We don’t have ‘leper’ colonies’ anymore but, a lot needs to be done. Bombay Leprosy Project is one more NGO working in this area
The injustice perpetrated against leprosy patients—even by the staff at hospitals where they were treated—left a deep imprint on the mind of Dr Ramaswamy Ganapati, an unusually compassionate doctor.
Around 1976, he decided to establish an independent NGO (non-government organisation) that started work to complement scientific research and high-quality treatment, as well as multi-drug therapy (MDT) programme, on which Dr Ganapati was already working. This led to the creation of the Bombay Leprosy Project (BLP) which has continued to flourish even after his death in 2011. Dr Ramaswamy Ganapati was honoured with a Padma Shri for his work among leprosy patients in 1983.
BLP is an internationally recognised NGO which works towards improving the quality of life of leprosy patients. The organisation has been working tirelessly in implementing the policies of National Leprosy Eradication Programme (NLEP) and assisting the government in its efforts. “Our approach has been to work directly in the community rather than undertake hospital-based work for diagnosis and treatment of leprosy. The advantage of a community approach is that leprosy patients continue to live with their families rather than being isolated and ostracised by the society,” says Parul Negi, a senior employee of BLP.
Apart from diagnosis and treatment of patients, BLP has been carrying out operational and technical research in the field of leprosy. BLP practises several field-oriented concepts in chemotherapy, disability care, rehabilitation and medical education. BLP has documented its observations through nearly 300 scientific papers published in reputed national and international journals.
BPL has successfully reached 1.95 million people, of whom 60% are from the slums of Dharavi and some municipal wards of Mumbai. It has been able to support the care and cure of over 35,000 patients and helped another 2,500 patients to avoid disabilities that are a part of the disease. It has helped 300 leprosy patients and physically challenged persons through its integrated rehabilitation programme.
It is to the credit of organisations like BPL that leprosy has been largely controlled. In fact, on 31 December 2005, the government declared that leprosy has been ‘eliminated’ from the country. However, a small proportion of the population infected several years earlier will develop clinical disease resulting in the occurrence of new cases, including smear positive cases.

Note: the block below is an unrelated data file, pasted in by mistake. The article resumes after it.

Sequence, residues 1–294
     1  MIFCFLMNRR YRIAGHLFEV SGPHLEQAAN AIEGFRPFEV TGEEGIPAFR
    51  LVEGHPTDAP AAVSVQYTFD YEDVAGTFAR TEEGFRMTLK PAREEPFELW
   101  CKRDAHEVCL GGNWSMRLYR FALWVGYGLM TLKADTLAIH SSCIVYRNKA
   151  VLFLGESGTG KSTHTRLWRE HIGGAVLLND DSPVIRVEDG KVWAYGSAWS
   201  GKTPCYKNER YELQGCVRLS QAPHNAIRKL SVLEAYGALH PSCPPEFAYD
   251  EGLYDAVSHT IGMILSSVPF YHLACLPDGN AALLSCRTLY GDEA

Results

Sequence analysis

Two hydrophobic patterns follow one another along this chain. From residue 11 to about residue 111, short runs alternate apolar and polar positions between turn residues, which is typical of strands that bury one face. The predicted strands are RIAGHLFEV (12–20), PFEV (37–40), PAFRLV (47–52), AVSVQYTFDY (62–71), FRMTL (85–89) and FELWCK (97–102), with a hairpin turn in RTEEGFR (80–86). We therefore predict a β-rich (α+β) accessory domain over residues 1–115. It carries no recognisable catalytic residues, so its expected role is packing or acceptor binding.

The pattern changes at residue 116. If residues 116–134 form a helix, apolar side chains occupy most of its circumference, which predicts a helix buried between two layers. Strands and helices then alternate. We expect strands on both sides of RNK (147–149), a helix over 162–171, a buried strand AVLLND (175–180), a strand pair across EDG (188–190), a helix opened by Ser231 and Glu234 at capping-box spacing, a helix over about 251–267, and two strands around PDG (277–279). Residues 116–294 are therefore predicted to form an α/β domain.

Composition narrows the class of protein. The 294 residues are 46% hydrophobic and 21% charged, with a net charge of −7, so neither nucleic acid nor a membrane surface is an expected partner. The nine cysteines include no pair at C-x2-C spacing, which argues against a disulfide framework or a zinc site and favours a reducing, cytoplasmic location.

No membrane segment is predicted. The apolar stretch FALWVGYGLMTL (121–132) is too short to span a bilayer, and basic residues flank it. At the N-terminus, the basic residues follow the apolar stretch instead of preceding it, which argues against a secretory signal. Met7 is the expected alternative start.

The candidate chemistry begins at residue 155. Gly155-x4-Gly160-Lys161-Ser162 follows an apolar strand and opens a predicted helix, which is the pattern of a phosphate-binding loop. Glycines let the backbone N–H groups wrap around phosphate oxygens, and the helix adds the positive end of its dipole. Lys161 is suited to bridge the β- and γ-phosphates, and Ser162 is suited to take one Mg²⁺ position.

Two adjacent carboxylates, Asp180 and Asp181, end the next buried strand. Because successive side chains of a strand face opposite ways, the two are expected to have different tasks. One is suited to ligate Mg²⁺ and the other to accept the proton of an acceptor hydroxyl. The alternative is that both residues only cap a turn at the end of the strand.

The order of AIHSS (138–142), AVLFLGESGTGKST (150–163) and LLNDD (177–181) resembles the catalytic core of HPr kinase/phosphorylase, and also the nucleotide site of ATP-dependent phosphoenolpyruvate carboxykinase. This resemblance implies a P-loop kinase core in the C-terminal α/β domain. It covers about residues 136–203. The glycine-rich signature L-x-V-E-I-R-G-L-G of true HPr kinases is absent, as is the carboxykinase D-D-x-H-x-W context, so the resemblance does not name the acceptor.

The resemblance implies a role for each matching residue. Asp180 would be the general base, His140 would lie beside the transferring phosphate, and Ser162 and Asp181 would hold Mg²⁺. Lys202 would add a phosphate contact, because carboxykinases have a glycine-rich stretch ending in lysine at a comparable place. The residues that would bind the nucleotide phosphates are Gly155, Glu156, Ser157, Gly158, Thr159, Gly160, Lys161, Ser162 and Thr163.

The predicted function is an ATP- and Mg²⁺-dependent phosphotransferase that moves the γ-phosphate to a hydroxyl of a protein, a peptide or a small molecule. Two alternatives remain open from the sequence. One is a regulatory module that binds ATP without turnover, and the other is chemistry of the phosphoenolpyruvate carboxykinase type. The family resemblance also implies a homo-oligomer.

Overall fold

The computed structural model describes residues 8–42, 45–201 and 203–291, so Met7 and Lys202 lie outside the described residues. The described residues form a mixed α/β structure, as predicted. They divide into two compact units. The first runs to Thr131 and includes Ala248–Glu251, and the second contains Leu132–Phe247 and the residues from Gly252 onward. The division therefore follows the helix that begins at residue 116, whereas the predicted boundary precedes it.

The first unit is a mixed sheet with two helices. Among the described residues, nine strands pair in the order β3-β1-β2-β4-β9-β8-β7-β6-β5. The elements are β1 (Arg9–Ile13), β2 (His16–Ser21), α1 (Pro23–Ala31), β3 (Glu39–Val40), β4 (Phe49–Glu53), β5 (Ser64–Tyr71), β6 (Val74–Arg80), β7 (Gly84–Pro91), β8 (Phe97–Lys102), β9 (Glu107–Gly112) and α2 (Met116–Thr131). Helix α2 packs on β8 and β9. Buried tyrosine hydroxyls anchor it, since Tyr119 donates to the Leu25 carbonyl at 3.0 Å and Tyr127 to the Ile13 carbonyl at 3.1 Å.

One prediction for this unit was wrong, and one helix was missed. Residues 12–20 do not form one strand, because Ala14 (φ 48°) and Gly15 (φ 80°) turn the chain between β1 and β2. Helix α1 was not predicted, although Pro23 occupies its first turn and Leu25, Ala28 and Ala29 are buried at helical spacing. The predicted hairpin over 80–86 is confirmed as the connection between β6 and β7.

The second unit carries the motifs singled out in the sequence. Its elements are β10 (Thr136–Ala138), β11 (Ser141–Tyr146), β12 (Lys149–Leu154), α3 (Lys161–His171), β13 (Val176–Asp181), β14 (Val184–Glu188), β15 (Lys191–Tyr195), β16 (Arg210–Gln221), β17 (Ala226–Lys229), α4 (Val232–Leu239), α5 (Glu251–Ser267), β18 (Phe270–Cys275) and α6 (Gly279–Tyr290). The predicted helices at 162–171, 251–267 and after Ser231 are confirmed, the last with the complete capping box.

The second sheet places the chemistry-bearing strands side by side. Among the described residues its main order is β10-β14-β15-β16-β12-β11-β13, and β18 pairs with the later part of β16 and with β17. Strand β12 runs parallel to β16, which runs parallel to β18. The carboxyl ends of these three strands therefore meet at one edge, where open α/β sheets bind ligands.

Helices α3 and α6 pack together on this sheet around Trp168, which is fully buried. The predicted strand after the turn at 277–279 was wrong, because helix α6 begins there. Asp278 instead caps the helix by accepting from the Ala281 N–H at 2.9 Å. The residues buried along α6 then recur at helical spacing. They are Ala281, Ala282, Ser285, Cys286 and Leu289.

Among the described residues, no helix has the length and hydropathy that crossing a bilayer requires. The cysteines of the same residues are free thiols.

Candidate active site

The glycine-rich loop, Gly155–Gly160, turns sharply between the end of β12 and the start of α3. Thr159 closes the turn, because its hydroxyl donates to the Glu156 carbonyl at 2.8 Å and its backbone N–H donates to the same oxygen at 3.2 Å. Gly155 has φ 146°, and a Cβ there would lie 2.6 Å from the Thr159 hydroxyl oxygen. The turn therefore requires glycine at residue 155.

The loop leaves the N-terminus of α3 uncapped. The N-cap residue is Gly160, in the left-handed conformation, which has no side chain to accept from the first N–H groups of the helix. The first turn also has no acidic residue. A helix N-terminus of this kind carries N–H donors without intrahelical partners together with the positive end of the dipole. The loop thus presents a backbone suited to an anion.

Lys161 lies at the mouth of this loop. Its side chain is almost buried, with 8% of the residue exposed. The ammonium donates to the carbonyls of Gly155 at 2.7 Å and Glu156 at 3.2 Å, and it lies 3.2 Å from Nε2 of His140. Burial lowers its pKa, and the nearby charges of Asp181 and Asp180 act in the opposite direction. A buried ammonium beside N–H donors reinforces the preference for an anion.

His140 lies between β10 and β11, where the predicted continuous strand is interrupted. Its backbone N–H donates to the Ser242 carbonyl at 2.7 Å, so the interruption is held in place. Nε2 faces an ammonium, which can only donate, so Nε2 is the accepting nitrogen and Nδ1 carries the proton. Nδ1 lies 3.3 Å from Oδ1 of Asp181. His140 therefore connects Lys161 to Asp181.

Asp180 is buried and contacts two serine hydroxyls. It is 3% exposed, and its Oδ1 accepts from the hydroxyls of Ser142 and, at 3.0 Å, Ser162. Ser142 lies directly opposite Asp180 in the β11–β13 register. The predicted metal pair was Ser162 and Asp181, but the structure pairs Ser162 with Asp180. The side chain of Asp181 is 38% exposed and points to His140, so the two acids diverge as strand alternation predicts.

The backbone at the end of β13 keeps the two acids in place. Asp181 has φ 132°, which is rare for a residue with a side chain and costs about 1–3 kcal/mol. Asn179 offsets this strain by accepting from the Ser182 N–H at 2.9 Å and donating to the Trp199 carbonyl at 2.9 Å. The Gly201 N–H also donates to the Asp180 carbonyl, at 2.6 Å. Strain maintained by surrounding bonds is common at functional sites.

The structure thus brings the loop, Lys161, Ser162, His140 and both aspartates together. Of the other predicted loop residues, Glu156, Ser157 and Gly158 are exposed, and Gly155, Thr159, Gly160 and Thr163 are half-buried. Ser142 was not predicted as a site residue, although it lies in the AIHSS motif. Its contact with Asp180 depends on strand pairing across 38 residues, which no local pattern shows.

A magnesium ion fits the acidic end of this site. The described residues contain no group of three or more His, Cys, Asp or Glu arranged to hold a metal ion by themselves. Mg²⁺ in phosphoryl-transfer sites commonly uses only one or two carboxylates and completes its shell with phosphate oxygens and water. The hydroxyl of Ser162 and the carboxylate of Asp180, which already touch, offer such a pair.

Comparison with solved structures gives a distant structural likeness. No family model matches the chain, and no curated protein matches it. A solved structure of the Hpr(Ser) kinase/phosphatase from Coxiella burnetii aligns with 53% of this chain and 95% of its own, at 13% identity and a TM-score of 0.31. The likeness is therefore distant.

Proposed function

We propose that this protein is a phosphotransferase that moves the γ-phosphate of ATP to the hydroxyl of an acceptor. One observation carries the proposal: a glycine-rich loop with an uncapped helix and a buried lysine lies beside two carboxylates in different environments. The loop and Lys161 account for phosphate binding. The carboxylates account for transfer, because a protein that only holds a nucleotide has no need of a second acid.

Ms Negi says, “Over the years the prevalence of leprosy has declined drastically with the implementation of MDT strategy. But treatment of leprosy patients with clinical problems and disabilities caused by nerve damage still remains a big challenge before the nation today. This is mainly due to the lack of services by the experts in this field.” BLP provides services for prevention and care of deformity for patients including aids and appliances, like splints, finger loops, dressing kits, etc, under the guidance from physiotherapists and paramedical staff. For the past three decades, BLP has also been fighting for the human rights of the persons affected with leprosy and other related diseases.
BLP is running peripheral referral leprosy clinics at several locations in Mumbai including at Bhabha Hospital, Bandra, Bhabha Urban Health Centre, Dharavi, JJ Hospital and BDD Chawl, Worli. It has a mobile unit that goes to the rural areas adjoining Mumbai once a week to reach the services to more leprosy patients.
Ms Negi confesses, “As regards financial resources, there is no single donor to support our entire leprosy relief activities. We, therefore, have to raise donations from multiple sources and pool the funds to sustain the activities.” Donations are exempt from income tax under Section 80G (1) of the Income-Tax Act, 1961; readers are welcome to contribute to the cause.
Bombay Leprosy Project
11 VN Purav Marg, Sion-Chunabhatti,